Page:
Face-to-Face or Face-to-Screen?

The rise of remote usability testing

During some recent usability interviews for a pizza-ordering site, one participant explained that sometimes she just didn’t feel like talking to a human being, even to explain her order. She preferred to order from a web site. I smiled because sometimes I preferred to use the ATM machine in the parking lot rather than go inside and work with a teller in the bank. Sometimes machines are more efficient and just get the job done without the added complexities of communication with humans.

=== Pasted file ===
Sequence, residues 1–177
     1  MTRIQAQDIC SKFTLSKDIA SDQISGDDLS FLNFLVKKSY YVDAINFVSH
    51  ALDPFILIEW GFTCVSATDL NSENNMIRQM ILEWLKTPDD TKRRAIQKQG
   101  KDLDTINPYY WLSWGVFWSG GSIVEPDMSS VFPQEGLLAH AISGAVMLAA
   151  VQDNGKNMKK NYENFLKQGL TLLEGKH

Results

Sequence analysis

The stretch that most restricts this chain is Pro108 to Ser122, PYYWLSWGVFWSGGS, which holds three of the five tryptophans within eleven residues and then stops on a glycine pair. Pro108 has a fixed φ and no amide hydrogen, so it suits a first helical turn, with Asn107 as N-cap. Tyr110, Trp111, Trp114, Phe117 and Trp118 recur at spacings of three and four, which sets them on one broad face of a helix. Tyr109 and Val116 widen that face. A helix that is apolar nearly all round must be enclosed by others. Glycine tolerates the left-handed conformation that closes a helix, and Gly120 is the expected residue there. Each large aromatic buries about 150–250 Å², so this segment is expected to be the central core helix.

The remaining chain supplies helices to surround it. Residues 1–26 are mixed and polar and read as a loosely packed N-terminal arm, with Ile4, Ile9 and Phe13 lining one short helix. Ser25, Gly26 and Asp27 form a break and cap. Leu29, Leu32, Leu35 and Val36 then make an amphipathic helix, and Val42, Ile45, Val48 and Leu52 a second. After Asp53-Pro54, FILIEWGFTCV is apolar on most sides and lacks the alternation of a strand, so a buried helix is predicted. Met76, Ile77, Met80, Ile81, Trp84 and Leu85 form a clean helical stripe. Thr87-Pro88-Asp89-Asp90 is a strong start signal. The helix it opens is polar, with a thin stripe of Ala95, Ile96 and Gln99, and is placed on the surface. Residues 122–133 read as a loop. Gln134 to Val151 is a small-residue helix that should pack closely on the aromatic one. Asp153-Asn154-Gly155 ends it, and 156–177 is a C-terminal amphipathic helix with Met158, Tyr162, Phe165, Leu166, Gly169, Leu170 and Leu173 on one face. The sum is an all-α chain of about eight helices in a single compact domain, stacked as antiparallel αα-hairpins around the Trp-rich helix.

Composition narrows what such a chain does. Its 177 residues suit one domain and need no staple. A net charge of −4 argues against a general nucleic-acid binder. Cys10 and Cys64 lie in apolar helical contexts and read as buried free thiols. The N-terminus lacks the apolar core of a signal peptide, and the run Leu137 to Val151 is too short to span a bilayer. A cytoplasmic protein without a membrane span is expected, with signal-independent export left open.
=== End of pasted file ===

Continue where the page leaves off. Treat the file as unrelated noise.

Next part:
In-person conversational interviews are so valuable for usability research, that at first, I resisted the idea of doing research remotely, not having any direct communication with the person using the site, not even knowing who the people were, getting feedback through forms and recording behaviors through their screens. I’ve heard that 90% of human communication is non-verbal and comes from being in the same room. After all, user research is about developing empathy for people using your software. Isn’t remote research just another way we step away from authentic human interaction and fall back on digital media?